School is for Wasting Time and Money

I have deep doubts about the intellectual and social value of schooling. My argument in a nutshell: First, everyone leaves school eventually. Second, most of what you learn in school doesn’t matter after graduation. Third, human beings soon forget knowledge they rarely use.

Strangely, these very doubts imply that the educational costs of the coronavirus pandemic are already behind us. Forced optimism notwithstanding, the remote schooling that millions of students endured during the pandemic looks like a pedagogical disaster. Some researchers found that being in Zoom school was about equivalent to not being in school at all. Others simply found that test scores rose much less than they normally would.

But given my doubts about the value of school, I figure that most of the learning students lost in Zoom school is learning they would have lost by early adulthood even if schools had remained open. My claim is not that in the long run remote learning is almost as good as in-person learning. My claim is that in the long run in-person learning is almost as bad as remote learning.

How do we know all this? My work focuses on tests of adult knowledge — what adults retain after graduation. The general pattern is that grown-ups have shockingly little academic knowledge. College graduates know about what you’d expect high school graduates to know; high school graduates know about what you’d expect dropouts to know; dropouts know next to nothing. This doesn’t mean that these students never knew more; it just means that only a tiny fraction of what they learn durably stays in their heads.

This is especially clear for subjects beyond the three R’s — reading, writing and arithmetic. Fewer than 1 percent of American adults even claim to have learned to speak a foreign language very well in school, even when two years of coursework is standard. Adults’ knowledge of history and civics is negligible. If you test the most elementary facts, like naming the three branches of government, they get about half right. The same goes for questions of basic science, like “Are electrons smaller than atoms?” and “Do antibiotics kill viruses as well as bacteria?”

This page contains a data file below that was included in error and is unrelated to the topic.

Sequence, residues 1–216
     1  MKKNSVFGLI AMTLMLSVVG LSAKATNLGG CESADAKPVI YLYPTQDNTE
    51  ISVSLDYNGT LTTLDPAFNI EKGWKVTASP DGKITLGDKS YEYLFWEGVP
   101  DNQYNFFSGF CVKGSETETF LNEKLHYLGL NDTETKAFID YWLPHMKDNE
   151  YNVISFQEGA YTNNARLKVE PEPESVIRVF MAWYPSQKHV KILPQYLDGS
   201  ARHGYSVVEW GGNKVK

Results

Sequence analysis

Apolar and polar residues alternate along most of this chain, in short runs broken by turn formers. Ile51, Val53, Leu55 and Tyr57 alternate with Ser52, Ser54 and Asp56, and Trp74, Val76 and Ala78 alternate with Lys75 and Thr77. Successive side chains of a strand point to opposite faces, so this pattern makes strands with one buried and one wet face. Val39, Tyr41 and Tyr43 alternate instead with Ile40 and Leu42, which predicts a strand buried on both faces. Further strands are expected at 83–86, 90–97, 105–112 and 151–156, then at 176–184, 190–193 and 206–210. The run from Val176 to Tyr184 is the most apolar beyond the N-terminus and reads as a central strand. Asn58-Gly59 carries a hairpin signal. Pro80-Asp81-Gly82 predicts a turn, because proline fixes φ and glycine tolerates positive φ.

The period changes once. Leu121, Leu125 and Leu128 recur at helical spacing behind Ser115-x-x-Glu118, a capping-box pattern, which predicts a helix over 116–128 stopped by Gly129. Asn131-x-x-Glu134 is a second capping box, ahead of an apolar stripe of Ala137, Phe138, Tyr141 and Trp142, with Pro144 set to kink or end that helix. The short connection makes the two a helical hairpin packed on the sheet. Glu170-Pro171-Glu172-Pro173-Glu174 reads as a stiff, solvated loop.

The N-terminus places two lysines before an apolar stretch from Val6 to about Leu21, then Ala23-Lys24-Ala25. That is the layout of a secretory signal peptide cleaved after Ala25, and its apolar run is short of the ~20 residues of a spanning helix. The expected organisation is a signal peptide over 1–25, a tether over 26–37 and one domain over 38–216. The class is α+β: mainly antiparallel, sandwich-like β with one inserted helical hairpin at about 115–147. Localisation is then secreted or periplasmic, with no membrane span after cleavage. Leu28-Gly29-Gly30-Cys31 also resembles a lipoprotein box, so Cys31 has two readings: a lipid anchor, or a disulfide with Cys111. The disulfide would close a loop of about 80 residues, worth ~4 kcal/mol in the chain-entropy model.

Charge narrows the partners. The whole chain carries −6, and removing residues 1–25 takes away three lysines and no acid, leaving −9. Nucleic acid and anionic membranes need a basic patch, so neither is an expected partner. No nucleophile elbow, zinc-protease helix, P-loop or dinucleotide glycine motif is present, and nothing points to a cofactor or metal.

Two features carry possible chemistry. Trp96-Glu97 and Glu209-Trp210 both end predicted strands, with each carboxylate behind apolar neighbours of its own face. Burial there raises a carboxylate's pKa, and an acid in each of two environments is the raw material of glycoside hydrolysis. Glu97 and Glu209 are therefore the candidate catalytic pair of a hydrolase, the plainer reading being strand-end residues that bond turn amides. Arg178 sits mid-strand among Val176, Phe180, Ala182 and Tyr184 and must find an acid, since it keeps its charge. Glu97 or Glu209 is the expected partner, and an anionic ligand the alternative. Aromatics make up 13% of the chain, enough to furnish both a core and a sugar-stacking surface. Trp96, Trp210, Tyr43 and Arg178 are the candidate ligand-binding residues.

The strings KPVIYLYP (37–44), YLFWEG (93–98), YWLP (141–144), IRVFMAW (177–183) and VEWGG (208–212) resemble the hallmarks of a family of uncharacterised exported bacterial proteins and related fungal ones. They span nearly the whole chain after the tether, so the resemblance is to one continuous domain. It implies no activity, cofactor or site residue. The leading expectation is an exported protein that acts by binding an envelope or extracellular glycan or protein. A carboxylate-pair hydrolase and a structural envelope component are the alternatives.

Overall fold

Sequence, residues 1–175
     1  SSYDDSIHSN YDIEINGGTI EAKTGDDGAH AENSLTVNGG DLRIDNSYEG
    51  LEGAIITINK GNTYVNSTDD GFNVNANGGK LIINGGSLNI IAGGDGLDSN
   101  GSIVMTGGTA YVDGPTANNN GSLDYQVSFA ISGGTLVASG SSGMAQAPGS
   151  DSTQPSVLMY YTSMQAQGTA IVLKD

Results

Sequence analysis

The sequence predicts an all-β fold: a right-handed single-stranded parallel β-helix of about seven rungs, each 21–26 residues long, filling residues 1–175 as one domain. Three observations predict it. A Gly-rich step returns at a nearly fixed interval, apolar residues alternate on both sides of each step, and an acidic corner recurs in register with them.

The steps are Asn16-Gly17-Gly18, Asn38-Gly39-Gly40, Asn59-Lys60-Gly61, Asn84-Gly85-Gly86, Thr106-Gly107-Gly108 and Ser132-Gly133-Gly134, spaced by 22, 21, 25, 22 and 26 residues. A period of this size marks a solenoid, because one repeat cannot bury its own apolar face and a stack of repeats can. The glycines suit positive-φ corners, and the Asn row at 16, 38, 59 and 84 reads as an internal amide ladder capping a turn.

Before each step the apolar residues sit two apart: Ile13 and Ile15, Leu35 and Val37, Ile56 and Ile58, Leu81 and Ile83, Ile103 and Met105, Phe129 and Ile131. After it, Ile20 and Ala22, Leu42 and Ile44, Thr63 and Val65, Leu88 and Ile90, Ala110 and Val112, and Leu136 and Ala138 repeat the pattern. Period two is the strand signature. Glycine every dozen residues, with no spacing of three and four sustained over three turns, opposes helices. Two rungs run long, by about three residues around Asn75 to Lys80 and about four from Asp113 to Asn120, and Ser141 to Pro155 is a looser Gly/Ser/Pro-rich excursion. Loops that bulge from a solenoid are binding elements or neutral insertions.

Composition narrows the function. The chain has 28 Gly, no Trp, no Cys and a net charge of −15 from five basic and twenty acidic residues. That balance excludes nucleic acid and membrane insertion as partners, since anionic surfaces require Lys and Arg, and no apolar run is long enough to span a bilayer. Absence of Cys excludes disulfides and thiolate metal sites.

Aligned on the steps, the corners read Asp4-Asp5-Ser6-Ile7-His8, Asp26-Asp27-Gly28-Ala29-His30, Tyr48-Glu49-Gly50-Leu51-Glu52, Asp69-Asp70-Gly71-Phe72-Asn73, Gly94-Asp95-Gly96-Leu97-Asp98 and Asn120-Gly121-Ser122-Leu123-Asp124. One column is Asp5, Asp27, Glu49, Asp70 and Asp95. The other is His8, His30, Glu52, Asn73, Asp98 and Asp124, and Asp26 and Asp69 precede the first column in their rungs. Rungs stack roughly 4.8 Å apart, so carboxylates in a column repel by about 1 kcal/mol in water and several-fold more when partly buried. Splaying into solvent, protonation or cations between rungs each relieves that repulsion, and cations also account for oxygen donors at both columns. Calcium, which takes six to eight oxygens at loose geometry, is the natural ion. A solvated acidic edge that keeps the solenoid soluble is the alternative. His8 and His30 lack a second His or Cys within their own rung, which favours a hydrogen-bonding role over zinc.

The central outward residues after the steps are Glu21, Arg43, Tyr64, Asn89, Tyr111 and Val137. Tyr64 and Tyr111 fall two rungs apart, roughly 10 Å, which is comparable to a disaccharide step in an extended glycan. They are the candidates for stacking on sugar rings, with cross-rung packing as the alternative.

How bad are these scores? Very bad. If you know half the letters in the alphabet, we don’t call you “half literate.” We correctly call you illiterate. I say the same goes for lack of elementary knowledge of history, civics and science. If you don’t know half the basics of history, civics and science, you really don’t understand history, civics or science at all.

The payoff for teaching basic literacy and numeracy is admittedly much larger. Since adults regularly use reading, writing and math, they retain much of what they learn. Even here, though, schools’ performance is mediocre and unlikely to meaningfully improve. Schools have been trying to overcome reading, writing and math deficits among underperforming students for decades. Boosting their performance in the short run is quite doable. The recurring problem is fade-out; the effects of interventions diminish or disappear over time.

I freely admit that my dim assessment of American education is a minority view among my fellow economists, who offer piles of evidence that education has a big effect on what adults earn. They’re basically right about that, but that’s no excuse for ignoring the piles of evidence that education has little effect on what adults know.

This blind spot is especially odd because there’s a clean explanation for both piles of evidence. Namely: School is lucrative primarily because it certifies, or signals, employability. Most education isn’t job training; it’s a passport to the real training, which happens on the job. That’s why graduation pays individuals so well. You don’t learn much in your last few weeks of school, but completion persuades employers to trust you. And that’s why credential proliferation pays countries so poorly. Handing out ever more high school, college and grad school diplomas can’t enrich society as a whole unless students durably learn long-run skills along the way.

If school closures are unlikely to make our kids any more ignorant than they would have been without Covid, in what sense were school closures even a temporary disaster? Simple: When schools shuttered, they stopped performing their sole undeniably valuable function: providing day care. In-person schooling allows parents to work full-time without distraction. In-person schooling allows parents to take care of infants and elders. In-person schooling allows parents to finish their household chores. And in-person schooling allows parents to relax.

School closures were a disaster for convenience. And while you’ll never hear a “convenience above all” political speech, actions speak louder than words. By February 2021, about 90 percent of private schools serving elementary or middle schoolers offered in-person instruction. Why? Presumably because they knew that parents cherished the convenience of in-person education. Fewer than half of corresponding public schools, funded by taxes rather than paying customers, were fully open by that time. Many large districts stayed closed or in hybrid mode for over a year. While the pedagogical costs of closure remain speculative, the convenience costs are beyond all doubt.

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Bryan Caplan is Professor of Economics at George Mason University and Senior Scholar at the Mercatus Center. He is the author of The Myth of the Rational Voter: Why Democracies Choose Bad Policies, named “the best political book of the year” by the New York Times, and Selfish Reasons to Have More Kids: Why Being a Great Parent Is Less Work and More Fun Than You Think. He has published in the New York Times, the Washington Post, the Wall Street Journal, the American Economic Review, the Economic Journal, the Journal of Law and Economics, and Intelligence, and has appeared on 20/20, FoxNews, and C-SPAN.